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Five Benefits of Setting Up a Living Trust

Creating a trust-based estate plan has many benefits. If you are considering what type of estate plan you would like to create, we recommend speaking with an experienced estate planning lawyer. Depending on your needs, you could benefit from a simple will-based estate plan. However, it is possible that creating a trust-based estate plan will save you money and time in the long run. The experienced estate planning attorneys at Arnold & Smith, PLLC, can review your financial situation and advise you of your best options. Contact us today to discuss the benefits of setting up a living trust.

  1. Avoiding Probate Court

    Many people do not realize how long and expensive the probate process can be. In the probate process, the probate court oversees the distribution of a deceased person's estate. An estate includes all of the property and assets the deceased person owns during his or her lifetime. Even in the cases of moderately straightforward estates, the probate process can take months. If you would like your beneficiaries, such as your surviving spouse and children, to receive your assets as soon as possible, you should consider creating a living trust.

    You can create a trust agreement that allows your loved ones to receive your property immediately after you pass away. Many people create a trust and transfer ownership of their life insurance policy into the trust. When they pass away, the life insurance policy will pay out the proceeds into the trust, giving the surviving spouse liquid assets that he or she will need to pay for end-of-life costs.

    The transfer of your estate to your beneficiaries occurs without the court's supervision when you have created a revocable trust. In many cases, transferring assets through a trust is less expensive than going through the legal probate process because he will not have to pay additional court and legal fees.

  2. Control

    When you create a revocable trust, you will have complete control regarding how your assets will be distributed during and after your lifetime. You can specify how you would like your beneficiaries to receive your assets when the time comes. You may want to transfer all of your assets to your loved ones immediately after your death. Or you may want to give them smaller amounts over a longer timeframe.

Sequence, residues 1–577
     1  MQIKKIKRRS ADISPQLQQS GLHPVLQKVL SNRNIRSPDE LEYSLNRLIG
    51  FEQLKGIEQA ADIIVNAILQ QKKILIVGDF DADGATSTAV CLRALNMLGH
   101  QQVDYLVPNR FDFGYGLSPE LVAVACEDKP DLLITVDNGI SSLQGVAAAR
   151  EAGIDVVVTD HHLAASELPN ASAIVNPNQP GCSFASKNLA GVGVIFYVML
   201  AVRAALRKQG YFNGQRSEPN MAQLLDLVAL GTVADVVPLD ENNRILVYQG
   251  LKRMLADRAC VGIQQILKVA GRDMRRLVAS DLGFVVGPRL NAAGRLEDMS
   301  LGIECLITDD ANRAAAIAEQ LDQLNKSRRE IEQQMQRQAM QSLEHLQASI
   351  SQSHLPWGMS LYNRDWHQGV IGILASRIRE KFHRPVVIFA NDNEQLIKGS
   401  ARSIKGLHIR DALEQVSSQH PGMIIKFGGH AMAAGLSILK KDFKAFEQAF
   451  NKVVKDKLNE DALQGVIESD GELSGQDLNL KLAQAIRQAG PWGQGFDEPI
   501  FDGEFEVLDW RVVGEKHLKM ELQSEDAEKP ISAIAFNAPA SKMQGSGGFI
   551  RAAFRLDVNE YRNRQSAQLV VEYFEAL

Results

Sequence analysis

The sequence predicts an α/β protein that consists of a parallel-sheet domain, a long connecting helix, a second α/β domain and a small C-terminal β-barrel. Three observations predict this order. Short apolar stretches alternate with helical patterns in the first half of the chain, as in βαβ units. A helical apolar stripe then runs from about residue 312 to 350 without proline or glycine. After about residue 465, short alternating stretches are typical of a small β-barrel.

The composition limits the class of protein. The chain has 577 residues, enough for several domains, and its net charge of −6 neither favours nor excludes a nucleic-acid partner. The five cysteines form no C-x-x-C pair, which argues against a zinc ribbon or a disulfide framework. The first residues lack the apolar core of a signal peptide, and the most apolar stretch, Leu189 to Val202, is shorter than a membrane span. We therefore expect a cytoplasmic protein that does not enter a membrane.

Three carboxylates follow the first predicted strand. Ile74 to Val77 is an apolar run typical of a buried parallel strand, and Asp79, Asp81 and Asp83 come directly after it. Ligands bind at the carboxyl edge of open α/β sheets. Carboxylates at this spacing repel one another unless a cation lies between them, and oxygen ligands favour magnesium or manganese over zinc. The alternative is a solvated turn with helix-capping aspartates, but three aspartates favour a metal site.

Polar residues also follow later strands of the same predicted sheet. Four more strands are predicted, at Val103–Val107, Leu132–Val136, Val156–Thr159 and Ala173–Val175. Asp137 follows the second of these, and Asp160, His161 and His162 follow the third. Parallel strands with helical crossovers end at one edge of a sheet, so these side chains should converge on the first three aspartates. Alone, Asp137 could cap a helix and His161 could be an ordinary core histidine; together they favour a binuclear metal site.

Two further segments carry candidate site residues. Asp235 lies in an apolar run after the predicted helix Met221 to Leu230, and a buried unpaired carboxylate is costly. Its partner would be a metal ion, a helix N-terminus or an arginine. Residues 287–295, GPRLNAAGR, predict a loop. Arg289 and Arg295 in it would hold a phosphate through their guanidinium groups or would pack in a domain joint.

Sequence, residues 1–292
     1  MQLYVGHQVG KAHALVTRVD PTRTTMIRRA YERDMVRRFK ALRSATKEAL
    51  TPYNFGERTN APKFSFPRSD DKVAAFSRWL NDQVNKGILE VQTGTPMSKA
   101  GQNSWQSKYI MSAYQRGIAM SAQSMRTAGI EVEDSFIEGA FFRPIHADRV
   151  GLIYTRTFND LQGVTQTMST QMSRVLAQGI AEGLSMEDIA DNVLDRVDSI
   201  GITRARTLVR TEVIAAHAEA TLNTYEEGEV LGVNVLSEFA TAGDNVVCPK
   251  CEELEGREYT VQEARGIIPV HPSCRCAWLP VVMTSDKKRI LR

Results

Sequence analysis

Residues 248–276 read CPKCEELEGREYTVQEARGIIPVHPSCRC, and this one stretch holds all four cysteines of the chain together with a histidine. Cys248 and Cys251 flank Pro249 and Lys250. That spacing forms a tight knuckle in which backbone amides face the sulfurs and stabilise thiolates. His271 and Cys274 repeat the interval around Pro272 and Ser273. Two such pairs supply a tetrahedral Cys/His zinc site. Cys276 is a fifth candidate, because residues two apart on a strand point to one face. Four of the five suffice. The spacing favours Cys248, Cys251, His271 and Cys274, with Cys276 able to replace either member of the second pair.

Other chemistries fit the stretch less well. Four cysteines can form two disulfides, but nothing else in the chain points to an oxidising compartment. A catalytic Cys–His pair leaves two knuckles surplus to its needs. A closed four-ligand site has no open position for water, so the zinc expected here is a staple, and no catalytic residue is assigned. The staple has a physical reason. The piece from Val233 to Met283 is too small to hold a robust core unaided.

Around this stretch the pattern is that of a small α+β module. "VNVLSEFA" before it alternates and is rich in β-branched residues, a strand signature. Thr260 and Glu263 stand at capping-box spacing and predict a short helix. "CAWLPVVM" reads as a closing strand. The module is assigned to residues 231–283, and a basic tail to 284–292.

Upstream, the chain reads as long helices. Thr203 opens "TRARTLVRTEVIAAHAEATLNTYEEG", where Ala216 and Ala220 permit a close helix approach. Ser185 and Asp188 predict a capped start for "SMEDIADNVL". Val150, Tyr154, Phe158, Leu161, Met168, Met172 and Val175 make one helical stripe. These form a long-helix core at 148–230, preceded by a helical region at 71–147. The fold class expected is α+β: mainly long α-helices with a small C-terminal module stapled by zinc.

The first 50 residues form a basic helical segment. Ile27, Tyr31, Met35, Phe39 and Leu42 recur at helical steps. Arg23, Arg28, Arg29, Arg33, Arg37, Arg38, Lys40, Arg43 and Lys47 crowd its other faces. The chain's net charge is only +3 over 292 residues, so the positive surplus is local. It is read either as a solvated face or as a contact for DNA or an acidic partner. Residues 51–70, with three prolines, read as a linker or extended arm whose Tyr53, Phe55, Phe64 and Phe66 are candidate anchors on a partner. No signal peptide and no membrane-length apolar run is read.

Suppose you have grandchildren who are young adults. You may want to provide them with a limited amount of yearly compensation while they attend college. Many of our clients will set up their trust so that their adult grandchildren will not inherit assets until they turn 25 or 30. You can also tailor your trust to your needs. For example, if you have a pet you would like to take care of after you pass away, you can create a pet trust. If you have an adult child with special needs, you can create a special needs trust. Likewise, if you would like your assets to grow and continue providing income for a beloved charity, you can create a charitable trust. Whatever your goals, creating a trust gives you more control over your assets and how they will be distributed in the future.

  3. >Naming Your Trustee or Trustees

    When you create your trust agreement, you will need to appoint a trustee or trustees who will manage your trust. In some cases, people will appoint themselves as trustees until they pass away, at which time another trustee will step in. In other cases, you may decide to select a professional trustee management company to manage your trust as family dynamics often change when a loved one passes away.

  4. Privacy

    Many of our clients choose to create a revocable trust because it provides them with a significant amount of privacy. The probate court process is public, and when you have a will-based estate plan, you risk the public finding out about your assets. On the contrary, when you set up a trust-based estate plan, you can ensure that information related to your assets and property stays private. After you pass away, your loved ones can receive trust assets outside of the court process.

  5. Money Saved

    Finally, using a trust-based estate plan can save you significant assets when it comes to estate taxes. Of course, how much money you can save depends on your unique situation. However, many of our clients do end up saving money by using a trust-based estate plan as they do not have to go through the probate process, which can be expensive.

Contact a Charlotte Estate Planning Lawyer Today

If you are interested in setting up your living trust, Arnold & Smith, PLLC, can help. Contact us today to schedule your free initial consultation to learn how we can help you protect your private information and your assets.